(ii) Imprisonment/s for life and a term/s of imprisonment.
(iii) Cumulative periods of Rigorous imprisonment aggregating to more than 10 years, or;
(iv) A single sentence of more than 20 years shall be submitted through the Inspector General of Prisons, Punjab, for the orders of the State Government when the prisoner has undergone a period of detention in jail amounting together with remission earned to 10 years.
(v) Notwithstanding anything contained above, a Superintendent, Jail may, in his discretion, refer at anytime, for the orders of the State Government through the Inspector-General of Prisoners, Punjab, the case of any prisoner sentenced to imprisonment for life whose sentence might in the Superintendent's opinion be suitably commuted into a term of imprisonment.'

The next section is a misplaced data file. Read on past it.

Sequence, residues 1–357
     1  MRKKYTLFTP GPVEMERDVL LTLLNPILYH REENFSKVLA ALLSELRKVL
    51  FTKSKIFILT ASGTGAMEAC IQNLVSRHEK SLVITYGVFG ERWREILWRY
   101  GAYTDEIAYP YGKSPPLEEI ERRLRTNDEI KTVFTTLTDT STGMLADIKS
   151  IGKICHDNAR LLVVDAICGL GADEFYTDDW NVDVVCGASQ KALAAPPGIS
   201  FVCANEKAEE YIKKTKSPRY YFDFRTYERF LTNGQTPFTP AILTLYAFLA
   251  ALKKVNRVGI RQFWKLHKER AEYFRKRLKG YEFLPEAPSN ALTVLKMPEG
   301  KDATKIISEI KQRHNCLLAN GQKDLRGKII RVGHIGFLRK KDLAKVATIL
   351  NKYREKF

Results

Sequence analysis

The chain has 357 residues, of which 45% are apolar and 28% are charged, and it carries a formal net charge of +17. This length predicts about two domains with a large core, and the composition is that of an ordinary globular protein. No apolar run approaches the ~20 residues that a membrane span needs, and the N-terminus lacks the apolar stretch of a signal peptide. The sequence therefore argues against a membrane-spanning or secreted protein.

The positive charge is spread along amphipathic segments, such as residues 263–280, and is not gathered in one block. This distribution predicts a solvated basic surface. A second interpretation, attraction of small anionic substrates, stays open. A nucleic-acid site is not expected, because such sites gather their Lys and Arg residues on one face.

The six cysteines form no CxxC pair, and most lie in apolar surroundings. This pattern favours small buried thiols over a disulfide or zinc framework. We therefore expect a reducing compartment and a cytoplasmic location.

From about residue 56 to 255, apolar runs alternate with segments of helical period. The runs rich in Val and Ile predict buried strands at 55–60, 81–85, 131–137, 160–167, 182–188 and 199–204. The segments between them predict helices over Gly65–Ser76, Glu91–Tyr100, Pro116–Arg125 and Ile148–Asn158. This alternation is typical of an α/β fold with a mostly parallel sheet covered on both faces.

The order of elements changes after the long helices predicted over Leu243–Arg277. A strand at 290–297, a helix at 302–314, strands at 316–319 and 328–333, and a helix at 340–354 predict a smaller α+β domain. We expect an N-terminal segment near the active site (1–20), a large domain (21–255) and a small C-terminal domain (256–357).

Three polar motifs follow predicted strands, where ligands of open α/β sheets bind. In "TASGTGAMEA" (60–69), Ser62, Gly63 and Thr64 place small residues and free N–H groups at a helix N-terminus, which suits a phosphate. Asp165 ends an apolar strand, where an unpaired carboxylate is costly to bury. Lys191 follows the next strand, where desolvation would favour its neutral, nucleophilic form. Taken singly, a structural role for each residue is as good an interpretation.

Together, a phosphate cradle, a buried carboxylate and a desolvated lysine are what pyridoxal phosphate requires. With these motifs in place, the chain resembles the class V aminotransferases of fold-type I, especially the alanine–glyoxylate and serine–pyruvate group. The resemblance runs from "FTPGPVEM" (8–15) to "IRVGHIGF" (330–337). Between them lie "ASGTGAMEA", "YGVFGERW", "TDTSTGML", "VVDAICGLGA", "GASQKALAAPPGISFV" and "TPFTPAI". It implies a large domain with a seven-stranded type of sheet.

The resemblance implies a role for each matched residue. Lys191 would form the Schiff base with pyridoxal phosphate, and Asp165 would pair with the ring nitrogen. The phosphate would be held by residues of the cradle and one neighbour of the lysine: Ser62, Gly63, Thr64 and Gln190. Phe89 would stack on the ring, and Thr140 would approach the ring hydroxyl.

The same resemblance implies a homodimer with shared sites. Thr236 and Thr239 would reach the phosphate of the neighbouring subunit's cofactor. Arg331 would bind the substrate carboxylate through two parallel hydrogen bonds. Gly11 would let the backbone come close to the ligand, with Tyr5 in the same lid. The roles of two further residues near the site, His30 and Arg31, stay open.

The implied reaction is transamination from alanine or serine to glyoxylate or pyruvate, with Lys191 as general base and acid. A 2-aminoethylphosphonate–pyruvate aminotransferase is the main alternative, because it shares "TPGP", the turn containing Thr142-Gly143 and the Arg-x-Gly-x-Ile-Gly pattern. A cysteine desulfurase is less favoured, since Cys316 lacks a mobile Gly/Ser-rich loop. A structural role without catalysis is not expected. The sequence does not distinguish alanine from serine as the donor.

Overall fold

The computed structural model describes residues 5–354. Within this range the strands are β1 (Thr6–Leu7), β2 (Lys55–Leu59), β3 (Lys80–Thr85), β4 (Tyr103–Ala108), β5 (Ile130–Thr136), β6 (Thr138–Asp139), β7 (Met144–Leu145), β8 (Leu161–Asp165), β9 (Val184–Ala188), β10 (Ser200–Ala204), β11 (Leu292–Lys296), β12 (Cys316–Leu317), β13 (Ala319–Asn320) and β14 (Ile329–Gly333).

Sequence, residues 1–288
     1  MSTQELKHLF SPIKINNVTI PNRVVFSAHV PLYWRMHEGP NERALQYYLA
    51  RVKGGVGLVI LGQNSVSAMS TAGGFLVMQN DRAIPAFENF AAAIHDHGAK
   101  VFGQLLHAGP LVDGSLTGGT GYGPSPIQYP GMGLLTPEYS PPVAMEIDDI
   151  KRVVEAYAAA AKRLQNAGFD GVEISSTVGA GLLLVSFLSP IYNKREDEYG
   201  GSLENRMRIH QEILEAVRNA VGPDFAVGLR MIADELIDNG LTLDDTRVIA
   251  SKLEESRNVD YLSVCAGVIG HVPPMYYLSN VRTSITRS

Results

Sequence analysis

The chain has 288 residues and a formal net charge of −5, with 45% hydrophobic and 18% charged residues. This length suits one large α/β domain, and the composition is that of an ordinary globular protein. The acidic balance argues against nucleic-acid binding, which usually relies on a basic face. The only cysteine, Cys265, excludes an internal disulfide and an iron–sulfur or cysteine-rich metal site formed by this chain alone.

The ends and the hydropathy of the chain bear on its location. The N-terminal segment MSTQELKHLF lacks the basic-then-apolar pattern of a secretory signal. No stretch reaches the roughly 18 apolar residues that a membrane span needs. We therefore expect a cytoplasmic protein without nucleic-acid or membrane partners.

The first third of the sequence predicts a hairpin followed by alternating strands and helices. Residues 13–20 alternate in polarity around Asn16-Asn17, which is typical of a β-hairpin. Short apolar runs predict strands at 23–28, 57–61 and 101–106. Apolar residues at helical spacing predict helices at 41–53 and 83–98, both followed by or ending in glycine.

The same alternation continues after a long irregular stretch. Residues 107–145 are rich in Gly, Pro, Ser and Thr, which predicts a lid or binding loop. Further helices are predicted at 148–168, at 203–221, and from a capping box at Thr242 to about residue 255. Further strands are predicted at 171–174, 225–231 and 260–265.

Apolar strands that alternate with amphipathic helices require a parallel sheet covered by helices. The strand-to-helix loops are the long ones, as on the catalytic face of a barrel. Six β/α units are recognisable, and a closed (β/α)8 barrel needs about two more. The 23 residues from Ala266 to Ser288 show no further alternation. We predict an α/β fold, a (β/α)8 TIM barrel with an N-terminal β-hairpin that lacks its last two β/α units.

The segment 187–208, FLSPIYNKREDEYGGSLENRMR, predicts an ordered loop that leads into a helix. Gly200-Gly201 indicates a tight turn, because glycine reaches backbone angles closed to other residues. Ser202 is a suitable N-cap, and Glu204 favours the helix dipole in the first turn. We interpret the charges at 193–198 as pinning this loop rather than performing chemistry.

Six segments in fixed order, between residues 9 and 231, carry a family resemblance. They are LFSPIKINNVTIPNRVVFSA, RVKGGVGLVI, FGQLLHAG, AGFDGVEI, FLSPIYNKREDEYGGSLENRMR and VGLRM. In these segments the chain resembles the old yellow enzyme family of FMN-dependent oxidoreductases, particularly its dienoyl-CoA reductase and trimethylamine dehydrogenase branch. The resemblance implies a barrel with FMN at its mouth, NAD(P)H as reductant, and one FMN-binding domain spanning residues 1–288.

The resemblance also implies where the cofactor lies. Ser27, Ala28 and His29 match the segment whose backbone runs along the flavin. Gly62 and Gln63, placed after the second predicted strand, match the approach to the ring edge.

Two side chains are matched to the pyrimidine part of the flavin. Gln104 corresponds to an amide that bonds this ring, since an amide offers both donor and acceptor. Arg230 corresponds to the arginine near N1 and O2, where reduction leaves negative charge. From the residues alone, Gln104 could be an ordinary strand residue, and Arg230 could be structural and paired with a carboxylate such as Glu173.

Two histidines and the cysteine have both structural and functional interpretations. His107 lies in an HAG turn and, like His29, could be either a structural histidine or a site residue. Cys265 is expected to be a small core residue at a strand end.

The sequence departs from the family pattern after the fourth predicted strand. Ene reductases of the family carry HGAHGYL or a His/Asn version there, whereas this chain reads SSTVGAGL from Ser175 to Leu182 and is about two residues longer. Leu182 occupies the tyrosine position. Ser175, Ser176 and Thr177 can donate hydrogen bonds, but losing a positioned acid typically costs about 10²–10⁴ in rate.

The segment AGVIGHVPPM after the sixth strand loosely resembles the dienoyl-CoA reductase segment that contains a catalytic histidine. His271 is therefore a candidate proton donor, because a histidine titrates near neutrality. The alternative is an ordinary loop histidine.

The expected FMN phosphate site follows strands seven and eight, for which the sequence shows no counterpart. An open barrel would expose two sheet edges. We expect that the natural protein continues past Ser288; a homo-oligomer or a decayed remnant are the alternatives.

4. It appears that from time to time the State Government had been examining the question of, and the procedure for, submission of Roles for pre-mature release of prisoners as contained in the aforesaid Para 516-B of the Manual and after considerable deliberation the State Government took a policy decision in 1971 and issued instructions (hereinafter called 'the 1971 Instructions') providing that a period of actual sentence of 8 1/2 years in the case of adult lifers and 6 years in the case of female prisoners and those below 20 years of age at the time of the commission of the offence should be regarded as the qualifying period for consideration of their cases for pre-mature release and in this behalf a Memorandum No. 133116JJ-71/39656 dated 10th of November, 1971 containing the aforesaid instructions was issued by the State Government to the Inspector-General of Prisons, Punjab and it was clarified that all cases of prisoners should be sent for consideration of their pre-mature release in the light of said policy decision with effect from 2nd of November, 1971. It further appears that the question of releasing pre-maturely life convicts whose death sentence has been commuted was again considered by the State Government and it took a policy decision in January, 1976 that cases of such life convicts should be considered for pre-mature release only after completion 14 years of actual imprisonment and in that behalf a Memorandum No. 403-6JJ-76/3456 dated 30th January, 1976 containing the necessary instructions (hereinafter called 'the 1976 Instructions') was issued by the State Government to the Inspector-General of Prisons, Punjab with a request to direct the Superintendents of Jails to submit cases of such life convicts for pre-mature release accordingly. (Copies of the Memoranda dated 10th of November, 1971 and 30th January, 1976 have been annexed as Annexures B and C to the Affidavit of Shri C.L. Goel in support of the SLP No. 499/1983 filed by the State of Punjab in Naranjan Singh's case. (Proceedings of SLP No. 499/83 were made available to us at the hearing.) It may be stated that these 1971 Instructions and 1976 Instructions though not incorporated in the Punjab Jail Manual as yet, are being followed and implemented and it appears that relying on these Instructions the Jail Authorities are not submitting cases of the concerned lifers to the State Government for pre-mature release though they may have suffered the qualifying punishment under para 516-B of the Manual. Hence Counsel for the petitioners herein has raised the two contentions mentioned above. In our view, for the reasons which we are indicating presently, there is no substance in either of these contentions.